Skip to Content
You searched for
Search
Creator Beckman, Arnold O. Remove constraint Creator: Beckman, Arnold O. Subject Beckman Instruments, inc. Remove constraint Subject: Beckman Instruments, inc.

Search Constraints

Search Results

    • 1985-Apr-23

    This interview, the first of several with Arnold Beckman conducted by the Chemical Heritage Foundation, begins with a discussion of Beckman's teenage experience as an industrial chemist at a local gas works in…

    • 1985-Jul-23

    The second interview begins with Arnold Beckman describing the National Technical Laboratories in the late 1930s. He details NTL policies and operations. The majority of the transcript focuses on the change from NTL to…

    • Liston-Becker Company, Inc.
    • 1953-Jun-08

    This memo details research about the the Liston-Becker Company, which Beckman Instruments acquired in 1955.

    • 1953-Feb-25

    Arnold O. Beckman notes that some of the company's instruments (including pH meters and infrared spectrophotometers) are already being used to monitor air quality, and expresses interest in developing instruments…

    • 1954-Nov-26

    Glenn Joseph expresses appreciation for a tour of Beckman's Fullerton plant and the gift of a pH meter themed desk set.

    In the 1930s, Joseph approached Beckman for assistance measuring pH for the citrus industry. The…

    • General Manager for Germany
    • 1954-Sep-15

    In this letter, John F. Bishop relates a conversation with Herbert Hoover, Jr., in which Hoover recommended that Beckman choose "a man who understands the American way of business," rather than a European candidate, to…

    • Telephone Interview with Dr. Shockley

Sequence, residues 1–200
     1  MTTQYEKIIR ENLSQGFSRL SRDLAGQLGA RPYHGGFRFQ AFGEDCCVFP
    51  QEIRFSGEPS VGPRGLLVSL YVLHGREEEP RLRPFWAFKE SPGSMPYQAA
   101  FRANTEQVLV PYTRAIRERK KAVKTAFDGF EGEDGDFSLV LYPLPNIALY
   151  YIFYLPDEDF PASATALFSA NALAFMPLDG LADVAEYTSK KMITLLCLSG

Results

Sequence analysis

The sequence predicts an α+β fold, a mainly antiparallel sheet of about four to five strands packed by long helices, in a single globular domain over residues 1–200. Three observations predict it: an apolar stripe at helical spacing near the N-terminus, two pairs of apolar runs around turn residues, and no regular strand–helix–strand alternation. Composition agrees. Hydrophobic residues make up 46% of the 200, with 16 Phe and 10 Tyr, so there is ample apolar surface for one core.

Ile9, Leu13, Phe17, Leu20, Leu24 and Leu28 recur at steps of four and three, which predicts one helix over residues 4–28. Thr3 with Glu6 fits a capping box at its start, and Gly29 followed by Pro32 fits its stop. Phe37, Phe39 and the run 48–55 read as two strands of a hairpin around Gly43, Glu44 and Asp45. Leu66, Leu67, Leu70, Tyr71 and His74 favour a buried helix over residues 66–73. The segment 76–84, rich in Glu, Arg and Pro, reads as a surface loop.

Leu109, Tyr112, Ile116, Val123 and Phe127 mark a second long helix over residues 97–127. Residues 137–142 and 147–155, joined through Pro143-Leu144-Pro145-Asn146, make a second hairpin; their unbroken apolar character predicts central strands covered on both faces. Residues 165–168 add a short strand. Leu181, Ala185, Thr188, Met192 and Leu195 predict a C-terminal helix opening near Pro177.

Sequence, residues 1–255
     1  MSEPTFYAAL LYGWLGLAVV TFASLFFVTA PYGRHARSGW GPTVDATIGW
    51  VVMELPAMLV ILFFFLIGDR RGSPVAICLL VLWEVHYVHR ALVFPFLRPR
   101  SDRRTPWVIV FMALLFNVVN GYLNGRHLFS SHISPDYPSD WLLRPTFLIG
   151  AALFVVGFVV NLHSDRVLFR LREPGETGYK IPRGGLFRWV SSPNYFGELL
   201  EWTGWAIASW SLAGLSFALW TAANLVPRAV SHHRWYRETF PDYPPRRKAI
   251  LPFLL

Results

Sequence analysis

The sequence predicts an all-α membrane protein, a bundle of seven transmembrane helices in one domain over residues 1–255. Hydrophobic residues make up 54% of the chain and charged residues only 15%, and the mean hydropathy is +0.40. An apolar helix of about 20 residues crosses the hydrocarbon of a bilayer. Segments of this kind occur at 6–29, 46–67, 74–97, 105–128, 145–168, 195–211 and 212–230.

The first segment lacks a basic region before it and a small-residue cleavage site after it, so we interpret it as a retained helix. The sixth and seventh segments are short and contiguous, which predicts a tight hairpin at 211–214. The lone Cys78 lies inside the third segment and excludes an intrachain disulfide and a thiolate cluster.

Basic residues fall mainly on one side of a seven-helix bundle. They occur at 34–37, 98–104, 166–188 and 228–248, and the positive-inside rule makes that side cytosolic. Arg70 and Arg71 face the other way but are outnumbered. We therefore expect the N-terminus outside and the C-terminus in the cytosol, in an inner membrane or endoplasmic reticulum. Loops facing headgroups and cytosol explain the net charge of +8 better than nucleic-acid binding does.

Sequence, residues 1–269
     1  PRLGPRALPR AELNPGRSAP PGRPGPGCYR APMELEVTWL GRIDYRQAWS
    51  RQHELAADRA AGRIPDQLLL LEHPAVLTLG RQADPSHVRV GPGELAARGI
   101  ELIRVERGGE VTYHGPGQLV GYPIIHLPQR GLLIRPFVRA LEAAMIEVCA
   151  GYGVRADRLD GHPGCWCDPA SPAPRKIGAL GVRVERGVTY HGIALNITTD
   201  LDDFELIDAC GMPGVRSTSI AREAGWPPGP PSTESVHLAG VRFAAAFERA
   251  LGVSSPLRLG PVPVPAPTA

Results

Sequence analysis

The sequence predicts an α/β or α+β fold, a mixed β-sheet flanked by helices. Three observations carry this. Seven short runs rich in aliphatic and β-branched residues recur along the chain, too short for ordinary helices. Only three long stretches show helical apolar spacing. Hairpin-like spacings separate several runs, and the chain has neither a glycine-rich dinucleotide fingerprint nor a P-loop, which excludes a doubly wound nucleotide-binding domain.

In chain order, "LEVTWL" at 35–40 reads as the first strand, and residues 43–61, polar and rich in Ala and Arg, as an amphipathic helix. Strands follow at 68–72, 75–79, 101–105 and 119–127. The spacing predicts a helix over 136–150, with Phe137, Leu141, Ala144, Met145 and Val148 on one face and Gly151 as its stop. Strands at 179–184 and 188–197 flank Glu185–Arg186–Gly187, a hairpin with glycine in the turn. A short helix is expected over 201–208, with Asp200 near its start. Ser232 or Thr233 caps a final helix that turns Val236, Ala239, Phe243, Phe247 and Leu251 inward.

• 1956-Jan-31

    In 1955, Arnold O. Beckman and William Shockley entered business together when they established Shockley Semiconductor Laboratories as a subsidiary of Beckman Instruments, Inc. with the goal of mass producing…

    • Dr. William Shockley publicity results
    • 1955-Sep-30

    In 1955, Arnold O. Beckman and William Shockley entered business together when they established Shockley Semiconductor Laboratories as a subsidiary of Beckman Instruments, Inc. with the goal of mass producing…

    • 1956 Annual Report - Employee Relations
    • 1956-Jul-20

    The memo discusses a "favorable year in employee relations," including employees' reactions to new policies, the integration of newly acquired businesses, a supervisory training program, retirement benefits, health…

    • 1950-Dec-26 – 1951-Aug-07

    These internal memos document a year's worth of human resources and other personnel decisions made at National Technical Laboratories, the precursor to Beckman Instruments. Some entries may have been written by Arnold…

    • 1957-Sep-20

    Architect William Pereira writes to invite Arnold O. Beckman to a dinner in celebration of an award for the Helipot building in Newport Beach, California. The Pereira & Luckman-designed building was to be honored as one…

    • 1947-Aug-15

    This letter includes a report on existing Beckman trademarks as of 1947, including information on the "acidimeter" and the point at which that instrument became known as the pH meter (1935).